Chinese v European Capitalism
This past week, both China and Europe marked the birth of its own form of capitalism. But only China celebrated it.
A few days ago (14 Oct), President Xi Jinping was in bustling Shenzhen in Guangdong Province to celebrate the 40th anniversary of the establishment of the Shenzhen Special Economic Zone (SEZ).
Between 1950 and 1980, hundreds of thousands of Chinese, facing hunger and poverty in the mainland, risked their lives by swimming across the treacherous waters to neighbouring Hong Kong. A successful crossing meant a new life. Failure meant imprisonment or death.
Deng Xiaoping, then the leader of China, realised that the solution laid not in tightening border security but in improving the Guangdong economy. And so Shenzhen, the first of many SEZs, was started in 1980.
It wasn’t enough just to give foreign investors cheap land, wages, and numerous tax breaks. Deng Xiaoping wanted to direct the Chinese people’s mindset away from a planned economy to one with a profit motive (capitalism).
The opportunity to re-educate the Chinese people arose when the national debate about the business practice of a Mr Nian Guangjiu appeared a few months later.
Nian Guangjiu (centre) selling sunflower seeds (shazi guazi) in early 1980s
Nian, an illiterate farmer from Anhui Province, started a business selling delicious sunflower seeds on the back of China’s economic reforms. He was so successful that he was soon employing more than 100 workers in his factory to keep up with demand. But there was a problem.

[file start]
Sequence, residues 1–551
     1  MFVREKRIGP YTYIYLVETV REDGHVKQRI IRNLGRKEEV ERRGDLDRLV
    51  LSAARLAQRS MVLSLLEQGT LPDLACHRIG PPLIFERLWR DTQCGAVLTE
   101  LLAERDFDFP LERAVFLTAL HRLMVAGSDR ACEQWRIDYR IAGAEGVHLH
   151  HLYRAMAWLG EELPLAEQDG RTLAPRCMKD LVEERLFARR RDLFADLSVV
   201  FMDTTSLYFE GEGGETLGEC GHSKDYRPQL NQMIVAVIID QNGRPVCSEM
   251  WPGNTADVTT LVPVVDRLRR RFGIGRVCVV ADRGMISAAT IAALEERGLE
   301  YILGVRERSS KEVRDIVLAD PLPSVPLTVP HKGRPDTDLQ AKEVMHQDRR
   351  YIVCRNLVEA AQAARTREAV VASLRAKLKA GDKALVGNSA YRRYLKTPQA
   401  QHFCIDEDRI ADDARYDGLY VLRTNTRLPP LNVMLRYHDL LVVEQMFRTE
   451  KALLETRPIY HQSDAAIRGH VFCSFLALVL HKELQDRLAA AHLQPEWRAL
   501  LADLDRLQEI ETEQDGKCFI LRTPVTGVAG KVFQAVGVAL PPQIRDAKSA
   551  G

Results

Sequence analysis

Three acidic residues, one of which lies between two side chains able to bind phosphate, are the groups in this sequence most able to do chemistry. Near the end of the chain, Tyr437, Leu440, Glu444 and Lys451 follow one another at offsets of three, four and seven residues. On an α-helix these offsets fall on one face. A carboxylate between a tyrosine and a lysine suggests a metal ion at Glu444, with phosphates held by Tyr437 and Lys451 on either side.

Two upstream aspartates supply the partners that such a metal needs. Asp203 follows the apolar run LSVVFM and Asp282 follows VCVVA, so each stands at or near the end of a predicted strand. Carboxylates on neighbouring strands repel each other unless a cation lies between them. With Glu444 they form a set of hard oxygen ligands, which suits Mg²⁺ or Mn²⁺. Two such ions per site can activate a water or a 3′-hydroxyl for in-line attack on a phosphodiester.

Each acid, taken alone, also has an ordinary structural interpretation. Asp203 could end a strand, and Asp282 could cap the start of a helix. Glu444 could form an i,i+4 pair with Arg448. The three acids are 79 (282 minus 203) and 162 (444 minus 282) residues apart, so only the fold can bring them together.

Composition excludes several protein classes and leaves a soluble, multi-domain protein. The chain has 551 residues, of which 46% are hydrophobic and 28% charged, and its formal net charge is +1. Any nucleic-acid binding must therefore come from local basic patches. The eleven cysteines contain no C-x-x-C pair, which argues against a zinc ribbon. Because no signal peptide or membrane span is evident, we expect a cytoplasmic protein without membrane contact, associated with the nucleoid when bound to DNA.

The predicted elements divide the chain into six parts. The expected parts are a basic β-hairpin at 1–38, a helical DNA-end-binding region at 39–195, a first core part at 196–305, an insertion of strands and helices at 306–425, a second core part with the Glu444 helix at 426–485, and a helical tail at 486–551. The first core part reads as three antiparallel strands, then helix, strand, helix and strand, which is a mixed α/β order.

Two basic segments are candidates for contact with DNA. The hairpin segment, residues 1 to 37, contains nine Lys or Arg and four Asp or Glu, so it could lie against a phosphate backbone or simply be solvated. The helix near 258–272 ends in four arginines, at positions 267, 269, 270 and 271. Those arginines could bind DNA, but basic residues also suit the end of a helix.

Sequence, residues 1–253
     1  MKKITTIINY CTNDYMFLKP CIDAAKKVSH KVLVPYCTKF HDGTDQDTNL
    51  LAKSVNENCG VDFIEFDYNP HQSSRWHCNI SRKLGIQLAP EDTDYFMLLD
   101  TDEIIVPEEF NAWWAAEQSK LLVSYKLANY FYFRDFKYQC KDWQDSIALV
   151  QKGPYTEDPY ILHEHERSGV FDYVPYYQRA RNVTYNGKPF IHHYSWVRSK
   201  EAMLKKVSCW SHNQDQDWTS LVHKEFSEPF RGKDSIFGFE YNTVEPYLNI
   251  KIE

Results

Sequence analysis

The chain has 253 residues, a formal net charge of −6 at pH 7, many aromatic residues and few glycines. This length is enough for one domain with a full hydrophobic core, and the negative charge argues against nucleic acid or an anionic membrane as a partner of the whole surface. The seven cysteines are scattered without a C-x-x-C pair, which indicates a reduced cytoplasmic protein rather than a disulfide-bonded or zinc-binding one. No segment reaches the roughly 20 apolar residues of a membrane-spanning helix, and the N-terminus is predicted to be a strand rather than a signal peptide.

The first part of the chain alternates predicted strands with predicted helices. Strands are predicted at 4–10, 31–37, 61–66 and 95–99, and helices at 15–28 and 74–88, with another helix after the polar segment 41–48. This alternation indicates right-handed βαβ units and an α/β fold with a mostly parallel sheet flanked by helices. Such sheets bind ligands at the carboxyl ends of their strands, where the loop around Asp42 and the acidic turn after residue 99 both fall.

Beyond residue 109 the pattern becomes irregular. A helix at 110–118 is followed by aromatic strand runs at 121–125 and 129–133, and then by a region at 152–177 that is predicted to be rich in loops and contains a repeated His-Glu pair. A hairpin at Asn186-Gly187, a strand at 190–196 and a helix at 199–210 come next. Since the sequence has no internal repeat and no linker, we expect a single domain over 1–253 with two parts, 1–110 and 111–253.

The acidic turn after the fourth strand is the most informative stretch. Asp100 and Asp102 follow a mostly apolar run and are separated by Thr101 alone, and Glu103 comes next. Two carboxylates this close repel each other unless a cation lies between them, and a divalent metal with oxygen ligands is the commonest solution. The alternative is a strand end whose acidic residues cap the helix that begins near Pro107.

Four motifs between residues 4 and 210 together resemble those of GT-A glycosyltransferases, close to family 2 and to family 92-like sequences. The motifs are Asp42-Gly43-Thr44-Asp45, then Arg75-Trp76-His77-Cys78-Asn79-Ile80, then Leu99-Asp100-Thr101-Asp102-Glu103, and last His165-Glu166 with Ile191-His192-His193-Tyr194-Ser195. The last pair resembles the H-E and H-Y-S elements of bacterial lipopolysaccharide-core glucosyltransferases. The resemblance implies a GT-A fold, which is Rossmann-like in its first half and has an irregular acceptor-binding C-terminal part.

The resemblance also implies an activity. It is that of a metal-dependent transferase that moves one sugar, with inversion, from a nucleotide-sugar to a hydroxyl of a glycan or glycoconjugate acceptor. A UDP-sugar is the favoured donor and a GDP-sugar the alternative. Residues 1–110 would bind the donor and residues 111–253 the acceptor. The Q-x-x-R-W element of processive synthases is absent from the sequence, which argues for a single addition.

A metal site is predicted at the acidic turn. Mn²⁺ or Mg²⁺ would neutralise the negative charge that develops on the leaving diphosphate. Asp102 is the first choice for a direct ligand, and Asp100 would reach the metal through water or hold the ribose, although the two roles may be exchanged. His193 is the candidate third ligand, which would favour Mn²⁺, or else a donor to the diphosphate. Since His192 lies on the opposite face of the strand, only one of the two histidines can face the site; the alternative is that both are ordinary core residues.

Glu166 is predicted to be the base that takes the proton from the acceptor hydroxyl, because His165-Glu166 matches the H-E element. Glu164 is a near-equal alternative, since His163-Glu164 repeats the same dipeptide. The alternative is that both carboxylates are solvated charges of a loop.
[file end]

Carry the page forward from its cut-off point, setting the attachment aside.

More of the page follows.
According to one of Karl Marx’s paragraphs in his famous book Das Kapital, there was a capitalist who exploited his 8 workers. Suddenly, Nain’s situation sparked national debate since he employed more than 7 workers. Nain had become a shameful capitalist.
Deng took the opportunity to defend Nain and removed any anxiety about running a business for profit. Deng announced that even if China allowed Nain to go on selling his seeds, it would not hurt socialism. No one questioned such business practices after Deng’s statement.
Ever since, the Chinese economy has seen a remarkable turnaround. The success of Deng’s reforms has dispelled any doubts over whether China should move from a planned economy to a market economy. But it is a market economy whereby the state continues to pull the strings. I shall label this Chinese Capitalism.
It is a form of capitalism that is quite different from the European Capitalism (my label) which has evolved. This began more than 500 years ago when Christopher Columbus, the Italian explorer, discovered the New World on 12 October 1492.
Christopher Columbus (kneeling) arrives in the New World on 12 Oct 1492
Before Columbus sailed off with his three ships, he had great difficulty raising money for the voyage. After many failed attempts, he finally found the Catholic Monarchs of Spain as a sponsor. But there was a catch. It was to be an investment project. So, Columbus sailed off as an entrepreneur with a profit motive.
When his voyages earned him the riches that he sought, news of his voyages spread throughout Europe. People realised that they too could make money from tobacco and sugar plantations, and from gold and silver mines. Suddenly, more money became available. Like the internet start-ups of today, many entrepreneurs came forth.
Columbus’ discovery of the New World was supremely important because it started a long period of European exploration, conquest and colonisation that helped to create the modern Western world.